As part of our special series on higher education Anna Zimdars reflects on the government’s Higher Education reforms and explores the possibility that, under the new fees regime, the US and English systems are converging. While there are definitely trends in this direction, it is notable that US higher education places a much greater emphasis on the potential for personal growth rather than simply education attainment.
Even with the progressive salary linked repayment system of the 9k tuition fees, the higher fees level in England have arguably moved England further towards a US model of higher education than the continental European.
Across the English Channel, it is still possible to get educational bargains. Free tuition, for example, is available and some German states or fees levels are relatively modest as illustrated by indicative fees of 1k in Italy. In Sweden, they even pay students to go to university. In contrast, tuition fees, in the US – especially at private universities – can reach much higher levels than the 9k in England. The English move towards US-style fees raises the question: What about other aspects of the US higher education admissions system? Do we see a convergence here? In this article I will explore some of the issues raised by the highly selective admissions processes in the two countries and argue that there is some convergence but also continued differentiation in the admissions system. I conclude by making the case for seeing the higher fees as an opportunity to re-think the role of universities and the curriculum within them.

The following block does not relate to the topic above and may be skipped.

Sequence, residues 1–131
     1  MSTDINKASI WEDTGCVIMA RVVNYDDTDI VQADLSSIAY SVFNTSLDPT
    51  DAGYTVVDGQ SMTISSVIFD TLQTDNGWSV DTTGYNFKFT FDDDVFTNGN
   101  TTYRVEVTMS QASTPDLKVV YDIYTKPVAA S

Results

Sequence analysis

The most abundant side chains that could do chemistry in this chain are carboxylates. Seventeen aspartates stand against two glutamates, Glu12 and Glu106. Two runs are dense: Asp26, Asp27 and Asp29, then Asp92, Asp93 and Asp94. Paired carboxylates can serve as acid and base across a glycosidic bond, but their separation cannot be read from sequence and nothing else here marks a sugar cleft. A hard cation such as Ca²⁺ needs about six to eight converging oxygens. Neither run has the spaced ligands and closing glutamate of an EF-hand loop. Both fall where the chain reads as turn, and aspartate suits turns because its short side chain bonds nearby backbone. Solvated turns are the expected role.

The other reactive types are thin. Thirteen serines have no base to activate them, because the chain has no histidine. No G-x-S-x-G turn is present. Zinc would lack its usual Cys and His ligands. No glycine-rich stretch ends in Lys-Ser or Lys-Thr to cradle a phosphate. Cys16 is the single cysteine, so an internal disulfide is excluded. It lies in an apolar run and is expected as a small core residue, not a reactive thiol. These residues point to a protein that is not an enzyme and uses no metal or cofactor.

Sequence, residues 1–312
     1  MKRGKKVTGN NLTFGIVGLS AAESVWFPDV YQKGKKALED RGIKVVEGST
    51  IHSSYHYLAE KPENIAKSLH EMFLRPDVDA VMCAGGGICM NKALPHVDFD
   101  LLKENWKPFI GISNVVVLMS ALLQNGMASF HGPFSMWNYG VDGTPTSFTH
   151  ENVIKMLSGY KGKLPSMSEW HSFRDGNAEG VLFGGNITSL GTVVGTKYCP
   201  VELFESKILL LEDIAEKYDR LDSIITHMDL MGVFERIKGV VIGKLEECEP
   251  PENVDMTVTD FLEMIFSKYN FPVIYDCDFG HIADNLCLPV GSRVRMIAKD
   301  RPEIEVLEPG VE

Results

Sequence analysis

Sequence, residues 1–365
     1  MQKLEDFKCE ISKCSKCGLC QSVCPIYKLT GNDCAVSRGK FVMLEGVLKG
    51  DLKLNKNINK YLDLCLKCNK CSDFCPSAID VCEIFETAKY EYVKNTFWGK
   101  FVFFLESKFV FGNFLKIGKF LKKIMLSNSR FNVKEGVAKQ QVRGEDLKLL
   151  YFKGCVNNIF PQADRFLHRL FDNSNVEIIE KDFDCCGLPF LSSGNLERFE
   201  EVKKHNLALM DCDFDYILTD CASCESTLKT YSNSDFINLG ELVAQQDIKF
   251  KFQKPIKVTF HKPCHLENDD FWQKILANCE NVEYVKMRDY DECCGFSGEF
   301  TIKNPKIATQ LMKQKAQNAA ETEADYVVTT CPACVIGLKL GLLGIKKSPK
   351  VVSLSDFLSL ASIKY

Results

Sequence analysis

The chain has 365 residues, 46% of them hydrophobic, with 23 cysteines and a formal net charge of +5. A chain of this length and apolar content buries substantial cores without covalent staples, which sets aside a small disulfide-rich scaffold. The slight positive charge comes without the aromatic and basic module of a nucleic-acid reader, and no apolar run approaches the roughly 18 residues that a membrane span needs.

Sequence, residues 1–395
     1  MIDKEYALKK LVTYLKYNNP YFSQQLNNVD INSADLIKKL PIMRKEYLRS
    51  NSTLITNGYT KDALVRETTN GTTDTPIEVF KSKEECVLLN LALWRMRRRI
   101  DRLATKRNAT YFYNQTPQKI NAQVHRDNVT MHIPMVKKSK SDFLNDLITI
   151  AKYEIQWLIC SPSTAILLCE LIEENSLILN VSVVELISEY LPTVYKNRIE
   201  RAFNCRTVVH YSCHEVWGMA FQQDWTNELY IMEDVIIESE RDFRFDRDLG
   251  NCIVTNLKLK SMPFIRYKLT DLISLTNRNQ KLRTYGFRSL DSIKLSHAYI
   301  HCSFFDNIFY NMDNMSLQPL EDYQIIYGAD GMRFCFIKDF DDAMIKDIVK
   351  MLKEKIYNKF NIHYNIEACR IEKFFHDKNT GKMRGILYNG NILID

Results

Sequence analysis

In the last few years, I have interviewed individuals who work in admissions offices at Ivy League universities in the US about the way the admissions process works. This is an example of a typical response:
when we look at applications, there is the academic half of who they are. And then, there is the kind of – the other side of them. Who they are as a person. And what they do with themselves and those kinds of things. And they are equally important in the application.
The Ivies use holistic assessment of the person as an individual as well as their academic attainment in making their admissions decisions. In 2006, I also interviewed academics at a highly selective English university. Here, the view was quite different as one selector explained:
I don’t care if they [applicants] are a good person. I care whether they do the course well. You look at American references and they are all about ‘being good’. I simply want to admit on academic grounds … and I think it is corrupt to take into account the character of a person or whether they play netball for the University.
While fees levels in England might be moving more towards US fees level and both countries consider academic attainment of utmost importance, there is still a deep ocean separating attitudes towards non-academic aspects of an application in the two university admissions processes. The welcome move towards contextual data in England is also a holistic evaluation technique, but even contextual data does not delve into the ‘character’ and other accomplishments of a person in the way US applications do. Which, incidentally, is just as well given the exclusionary tendencies the use of character has had in university admissions.
However, the view across the Atlantic is interesting not least because it raises a more fundamental question: What is the purpose of universities? Clearly, the implicit answer differs in the admissions models in England and the US. The point of the US system is – in the words of an Ivy league admissions office – ‘…to educate people to do something great with their lives. And that is more than being a very good student.’ In contrast, in my English interviews, the focus was much more on ability and potential to achieve highly at university, with selectors looking ‘for people keen to study [their degree course] and evidence that they really like it’. There is no trans-Atlantic convergence in the purpose of the admissions process in these quotes.